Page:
TAMPA — When the 2008 financial crash brought down the nation's housing market, hundreds of home builders went out of business. Among them was Sharon McSwain Homes in Atlanta, forced to liquidate in 2009.
But just as developers like to develop, builders like to build. McSwain moved to Florida, and, even before the recovery had begun, she identified Tampa as the place for a comeback. She began buying old houses and vacant lots at fire-sale prices.
"The decline (in the city) was not as deep as in the suburbs, and it had stabilized in advance of the suburbs,'' McSwain says. "It seemed like a better place to restart.''
Eight years later, Domain Homes — McSwain's new company — is one of the largest urban infill builders in the Tampa Bay area. It has built more than 600 houses in older neighborhoods from Seminole Heights, Riverside Heights, North Hyde Park and West Tampa to Roser Park, Palmetto Park and Euclid-St. Paul in St. Petersburg.
In March, Tampa's City Council approved plans for the company to erect 75 houses for first-time, income-eligible buyers in a blighted area between downtown and Ybor City. Domain is in talks with St. Petersburg officials about a similar proposal there.
But the company's impressive growth — annual sales are $55 million to $60 million — has not been without controversy.
Drive through any of the above-mentioned neighborhoods and it's easy to spot a Domain house: two stories, columns with stacked-stone bases, plain exterior walls. Critics say the company produces cookie-cutter homes that can be jarringly out of place with existing ones.
"Domain keeps throwing out something that looks like it belongs in a gated suburban community,'' says Rick Fifer, a Realtor who specializes in the vintage one-story bungalows of Seminole Heights. "When somebody like Domain moves in, they're literally changing the entire fabric of the neighborhood.''
On one block of Tampa's Woodlynne Avenue, all but one of the mid-century houses on the west side of the street have been torn down, replaced by six very similar Domain homes. Next to St. Petersburg's historic Euclid school, built of brick in the 1920s, Domain erected eight nearly identical stuccoed houses.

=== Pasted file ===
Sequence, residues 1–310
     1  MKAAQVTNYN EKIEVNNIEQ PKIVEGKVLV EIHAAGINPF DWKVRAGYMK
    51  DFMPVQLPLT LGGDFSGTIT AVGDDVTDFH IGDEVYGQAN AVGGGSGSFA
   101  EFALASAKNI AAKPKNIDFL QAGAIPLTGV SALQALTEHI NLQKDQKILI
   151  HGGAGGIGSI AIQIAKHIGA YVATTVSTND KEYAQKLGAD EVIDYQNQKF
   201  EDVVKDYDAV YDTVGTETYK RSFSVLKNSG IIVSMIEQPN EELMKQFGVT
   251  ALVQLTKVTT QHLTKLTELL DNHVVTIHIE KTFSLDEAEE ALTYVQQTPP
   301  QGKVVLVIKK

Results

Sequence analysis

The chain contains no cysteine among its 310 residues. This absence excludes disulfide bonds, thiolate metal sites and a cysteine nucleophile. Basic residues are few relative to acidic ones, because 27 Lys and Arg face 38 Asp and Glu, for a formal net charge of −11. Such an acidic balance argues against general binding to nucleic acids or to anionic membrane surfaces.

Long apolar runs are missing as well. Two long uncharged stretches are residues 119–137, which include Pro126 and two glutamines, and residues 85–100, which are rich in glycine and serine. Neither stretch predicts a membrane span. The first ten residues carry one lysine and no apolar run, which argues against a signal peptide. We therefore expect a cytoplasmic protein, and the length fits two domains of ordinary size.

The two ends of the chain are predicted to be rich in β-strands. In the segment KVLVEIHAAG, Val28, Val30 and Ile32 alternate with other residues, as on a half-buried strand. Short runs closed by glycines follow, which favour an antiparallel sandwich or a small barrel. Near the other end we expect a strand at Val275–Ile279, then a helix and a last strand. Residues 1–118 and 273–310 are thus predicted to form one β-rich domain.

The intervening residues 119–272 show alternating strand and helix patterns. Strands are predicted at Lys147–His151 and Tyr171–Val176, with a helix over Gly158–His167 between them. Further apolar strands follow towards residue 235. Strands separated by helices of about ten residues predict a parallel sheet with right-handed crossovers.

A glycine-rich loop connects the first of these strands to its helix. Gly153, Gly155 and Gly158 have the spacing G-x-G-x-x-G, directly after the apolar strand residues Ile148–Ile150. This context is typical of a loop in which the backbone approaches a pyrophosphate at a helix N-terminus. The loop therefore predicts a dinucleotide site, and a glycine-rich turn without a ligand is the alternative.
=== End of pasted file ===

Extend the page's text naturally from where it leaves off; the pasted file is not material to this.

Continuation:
McSwain says Domain has been responsive to the criticism.
"We started off with a product mix of five houses; today we have 25,'' she says. "I try to always listen and (to) always be looking at better, more creative ways of serving the market's needs while simultaneously blending into the existing community. We trust at the end we do way more good for a community than detriment to the community.''
Despite what others might say about them, buyers seem to like Domain houses. They have paid an average of $475,000 for them, even on busy streets or in what are tactfully called "transitional'' areas.
Jane Coleman and her husband had admired Domain houses in Tampa, so they decided to have one built in St. Petersburg. Last year, they moved from a smaller 1920s home nearby to the four-bedroom, three-bath house with room for a pool.
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"We wanted to stay in this area, and we wanted new construction,'' she said. "Now that we have three kids, we're not the re-doer type.''
The Colemans' neighbors also live in a Domain house.
"They're happy,'' she says. "We're all happy.''
• • •
After college, McSwain, now 59, played tennis on the pro circuit before realizing she wasn't as good as she needed to be. That's when she decided to get into home-building, spending 10 years with a Georgia company run by her father and brother, then 15 years with her own company.
Both firms were what McSwain calls "volume production builders,'' putting up several hundred houses a year. They did well until the crash.
McSwain moved to Daytona Beach, where her family had vacationed. She took a few months to enjoy being with her daughter, who was about to enter first grade.
"Then it was clear to me that I needed to get back up on the horse that had thrown me, which was the building business,'' she says. "We had fallen in love with the quality of life in Florida, but my gut instinct was that Tampa was going to recover more quickly than Daytona was.''
In late 2009, McSwain reached out to Kevin Robles, who had worked for the Tampa division of her father's company. Every week, they scouted out the kind of suburban areas both were used to — Brandon, Riverview, Apollo Beach. They felt the markets there had yet to hit bottom, so one day at lunch, McSwain suggested a different approach.
"I said, 'Have you ever thought about the scattered-lot business and maybe trying to apply our volume experience?'?" she says. That afternoon, Robles introduced her to areas in Tampa south of Gandy Boulevard.
"We built a plan around buying lots one at a time in urban infill — predominantly built-out areas — and providing new-home opportunities at a value,'' McSwain says.
They decided to start in Port Tampa, a historic neighborhood where many homes were in foreclosure and no new ones were being built. They also liked its proximity to MacDill Air Force Base and a constant supply of newcomers who needed housing. With money borrowed from her parents, McSwain bought five bank-owned lots and built five houses.